Part 3 in our series on planning your course structure in design. No matter your subject matter, audience, or level of expertise, a course must be carefully plotted out to achieve its purpose successfully.
In Part 2, we introduced the eight categories of Course Structure and Design that are integral to planning your online course and broke down the first three categories:
✓ 1. Course Format
✓ 2. Technology
✓ 3. Communication & Support
✓ 4. Content Delivery
✓ 5. Assessment Strategy
Congratulations! You've made it to Part 3. In today's blog, we're tackling the final 3 categories:
➜ 6. Development Plan
➜ 7. Implementation Plan
➜ 8. Evaluation Plan
Remember, if you want a detailed, interactive look at these categories and other helpful course planning tips and tricks, pre-register for the first set of courses in the new C&T Academy. It's free if you sign up today!
6. Development Plan
The resources, logistics, and schedule you'll need to execute your course plan.
How much money will you need to carry out the plans you've made from the previous categories and the ones to follow? Where will you get this money? What's your expected ROI?
What team members do you need to carry out the plans you've made from the previous categories and the ones to follow? Do you need to hire someone new or can you recruit from an existing pool of employees? What will your roles and responsibilities be?
How long will it take for each team member to complete their elements of the project? When is the best time to launch your course? What is the best way to manage the project to ensure timely delivery? Who will be in charge of overall project management?
What kinds of tools will you need to keep your project on track (human resources, project management, etc.)?
Can you imagine trying to determine the budget you need before selecting your LMS and authoring tools? That type of craziness can be avoided by developing your Development Plan!
Many developers attempt to create a development plan before they walk through the previous 5 planning categories. We highly recommend completing those planning steps first, because it will help you create a more accurate plan.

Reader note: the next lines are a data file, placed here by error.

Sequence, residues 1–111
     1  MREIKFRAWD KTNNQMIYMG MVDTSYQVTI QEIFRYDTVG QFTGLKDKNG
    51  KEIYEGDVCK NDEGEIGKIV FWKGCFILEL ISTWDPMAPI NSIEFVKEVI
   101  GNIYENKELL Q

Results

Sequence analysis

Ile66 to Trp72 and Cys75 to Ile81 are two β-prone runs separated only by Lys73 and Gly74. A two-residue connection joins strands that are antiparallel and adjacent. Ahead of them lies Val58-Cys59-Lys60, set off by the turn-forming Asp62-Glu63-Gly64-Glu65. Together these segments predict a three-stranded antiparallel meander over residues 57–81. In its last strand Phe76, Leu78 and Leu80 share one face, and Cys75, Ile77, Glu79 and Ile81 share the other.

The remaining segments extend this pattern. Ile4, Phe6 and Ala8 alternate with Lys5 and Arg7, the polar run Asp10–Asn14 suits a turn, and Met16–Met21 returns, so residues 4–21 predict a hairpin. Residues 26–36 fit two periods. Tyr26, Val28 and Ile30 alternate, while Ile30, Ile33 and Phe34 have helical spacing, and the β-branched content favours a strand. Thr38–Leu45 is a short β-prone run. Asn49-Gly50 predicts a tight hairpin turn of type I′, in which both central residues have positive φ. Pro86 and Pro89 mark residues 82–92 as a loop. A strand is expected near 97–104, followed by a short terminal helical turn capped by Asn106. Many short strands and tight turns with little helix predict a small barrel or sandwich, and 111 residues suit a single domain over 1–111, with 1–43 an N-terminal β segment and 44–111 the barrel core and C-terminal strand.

Imagine the following scenarios:
➜ Inadequate Budget
You determined your budget before completing the initial planning steps and underestimated the cost associated with the technology needed to build your course.
➜ Incomplete Team
You picked your team members before selecting your delivery methods and didn't realize you'd need a videographer and video editor.
➜ Inaccurate Schedule
You set a launch date based on your audience's needs, without accounting for the time needed to develop the content in your preferred delivery methods.
7. Implementation Plan
The steps you will take to get your finished course into the hands of your eager audience.
➜ Course Management
Who will facilitate the synchronous elements (if you have any), answer student questions about the content, manage feedback, perform content updates, etc?
➜ Sales & Marketing
Who will set up your sales pages (course catalog, registration, course landing page, student dashboard, etc.)? How will you market the course to ensure max enrollments?
➜ Technical Support
Who will provide students with technical support during registration and/or throughout the course completion process?
Because you didn't spend all that time developing your course just to let it gather dust on your desktop. There's no course if you don't actually have a plan to implement it—hence the need for your Implementation Plan!
Imagine the following scenarios:
➜ It's too much!
You developed a wonderful synchronous course and the enrollments are pouring in! Only 1 week into the course you quickly realize that you've largely underestimated the amount of time it takes to manage the course, and you didn't plan out alternative support options.